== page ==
In still another modification, the throughway (vehicle roadway or pedestrian pathway) may be provided with a channel to accommodate the barrier element 55 in its lowered condition.
In the embodiment illustrated schematically in Figs 4 to 6, three roller assemblies 11 are provided equi-angularly about a shaft 22 that is provided with a helical formation 23. The helical formation 23 may be a conventional thread formed in the cylindrical surface of the shaft 22 or, as shown, may be formed by a spiral spring that is secured (by at least its ends) to the shaft's surface. The three roller assemblies 11 are each located with their axes slightly skew to the axis of shaft 22 and such that their respective pole plates 14,16 can engage in the'troughs'between the turns of the helical formation 23. Nevertheless, due to the loose fit of each magnetic body 15 on its axle pin 18, the individual axle pins 18 can still extend generally parallel to the axis of shaft 22.
These axle pins 18 extend between a pair of annular discs 24 that provide a cage holding the roller assemblies 11 equi-angularly spaced from one another around the shaft 22. As the shaft 22 is rotated in the direction shown by the arrow A, the individual roller assemblies 11 rotate in the direction shown by the arrows B and, collectively, travel with the cage 24 in the direction shown by the arrow C.
It will be seen from Fig 6 that whilst effecting this motion transmission from rotating shaft 22 to the roller assemblies 11, the axes of the roller assemblies 11 are kept in a somewhat skewed relation with respect to the axis of shaft 22.
As shown in Figs 4 and 5, the transmission device 20 includes an outer ring 25 that encompasses the three roller assemblies 11. The ring 25, or at least its region constituting or adjacent to its inner surface, is of steel or another magnetically permeable material and is engaged by the pole pieces 14,16 of all the assemblies 11.
The outer ring 25 is held against rotation but is free to move axially. Thus, as the cage 24 and roller assemblies 11 move collectively longitudinally of shaft 22 as the latter is rotated, so too is the outer ring 25 moved longitudinally.
It will be appreciated that the rotational movement imparted to the roller assemblies 11 by the magnetically-enhanced frictional contact between those assemblies and shaft 22 is resisted by the magnetic flux acting between the pole pieces of these roller assemblies 11 and the outer ring 25. This causes the roller assemblies 11 to rotate together in an idling mode around the shaft 22 (in the manner of planet wheels), whilst nevertheless magnetically maintaining contact between their pole pieces 14,16 and both the outer ring 25 and the shaft 22. The degree of idling created is dependent primarily on the respective diameters of inner surface of ring 25, the outer surface of shaft 22, the diameter of the pole pieces 14,15 and the ratios of one to the other.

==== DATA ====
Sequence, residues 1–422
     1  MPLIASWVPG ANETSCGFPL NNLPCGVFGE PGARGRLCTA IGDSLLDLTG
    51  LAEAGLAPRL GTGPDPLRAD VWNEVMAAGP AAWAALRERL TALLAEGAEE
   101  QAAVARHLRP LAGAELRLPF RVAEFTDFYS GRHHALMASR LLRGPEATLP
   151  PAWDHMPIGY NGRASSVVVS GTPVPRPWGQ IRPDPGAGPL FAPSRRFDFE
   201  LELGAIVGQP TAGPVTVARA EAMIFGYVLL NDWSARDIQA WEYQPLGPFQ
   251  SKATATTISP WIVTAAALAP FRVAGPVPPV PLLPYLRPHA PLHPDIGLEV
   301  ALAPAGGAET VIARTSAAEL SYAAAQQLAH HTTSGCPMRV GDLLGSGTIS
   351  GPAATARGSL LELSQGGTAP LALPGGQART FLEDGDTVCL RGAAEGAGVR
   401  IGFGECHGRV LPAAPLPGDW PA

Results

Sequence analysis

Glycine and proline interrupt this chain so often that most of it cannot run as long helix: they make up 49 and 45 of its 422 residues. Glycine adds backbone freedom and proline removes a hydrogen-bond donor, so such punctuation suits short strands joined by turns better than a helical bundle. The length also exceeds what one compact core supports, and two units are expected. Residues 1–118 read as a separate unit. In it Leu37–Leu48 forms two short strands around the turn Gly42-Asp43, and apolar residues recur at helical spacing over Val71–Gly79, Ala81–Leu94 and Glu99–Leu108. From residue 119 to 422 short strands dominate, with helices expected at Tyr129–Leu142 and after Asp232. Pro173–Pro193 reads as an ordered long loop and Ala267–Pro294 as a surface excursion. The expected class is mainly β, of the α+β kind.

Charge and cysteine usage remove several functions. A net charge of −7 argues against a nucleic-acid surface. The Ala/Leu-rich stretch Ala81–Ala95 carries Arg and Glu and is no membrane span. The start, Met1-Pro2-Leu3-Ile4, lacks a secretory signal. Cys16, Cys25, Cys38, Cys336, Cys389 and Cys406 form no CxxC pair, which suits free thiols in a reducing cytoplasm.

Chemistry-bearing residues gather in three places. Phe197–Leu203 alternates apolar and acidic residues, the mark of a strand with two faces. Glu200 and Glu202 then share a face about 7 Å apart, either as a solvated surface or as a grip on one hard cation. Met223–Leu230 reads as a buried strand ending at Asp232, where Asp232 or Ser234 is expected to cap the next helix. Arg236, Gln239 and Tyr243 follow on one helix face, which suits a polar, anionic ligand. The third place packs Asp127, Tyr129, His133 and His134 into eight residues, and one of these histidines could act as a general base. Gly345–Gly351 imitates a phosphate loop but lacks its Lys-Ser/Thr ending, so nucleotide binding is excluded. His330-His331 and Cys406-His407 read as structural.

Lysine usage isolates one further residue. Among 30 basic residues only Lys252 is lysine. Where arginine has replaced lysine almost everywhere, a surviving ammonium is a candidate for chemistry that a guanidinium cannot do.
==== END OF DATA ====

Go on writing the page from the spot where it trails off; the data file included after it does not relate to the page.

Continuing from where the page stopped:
This predetermined degree of"idling"allows for a very high step-down transmission ratio between the input rotational speed on shaft 22 and the speed of linear motion of the outer ring 25.
It will thus be apparent that the points of contact engagement of the caged roller assemblies 11 and the shaft 22 can move in the opposite rotary direction around the axis of shaft 22 to that to be normally effected by a conventional helix; and the roller assemblies 11 thus move together in the style of planet wheels around the shaft 22 and change the gearing ratio. They thus behave as idlers and their size depends on the need for them to be in contact engagement with both the shaft 22 and the outer ring
-it being primarily the ratio of the diameter of the shaft and the outer ring's inner surface that determines the gearing ratio.
In one modification, suggested by Fig 6, the outer ring 25 may be omitted. This would provide a direct ratio relation between the linear motion of the caged roller assemblies 11 and the pitch of the helical formation 23 (omitted from Figure 6).
In another modification, also suggested by Fig 6, the helical formation 23 may be omitted and the end discs of cage 24 may be offset angularly from one another such that the axle pins 18 are skew to the axis of shaft 22. It is then the skew angle that determines the direct ratio relation between the input rotation of shaft 22 and the linear output motion of the caged roller assemblies 11.
In yet another embodiment (not shown), the shaft 22 is replaced by a conical or frusto-conical structure with its outer surface engaged by one or more roller assemblies 11. The roller assemblies will thus engage the conical surface at varying spacings from the cone axis as these assemblies move longitudinally of the cone axis.
Accordingly the transmission ratio between the conical surface and the roller assemblies will vary with the longituinal position of those roller assemblies.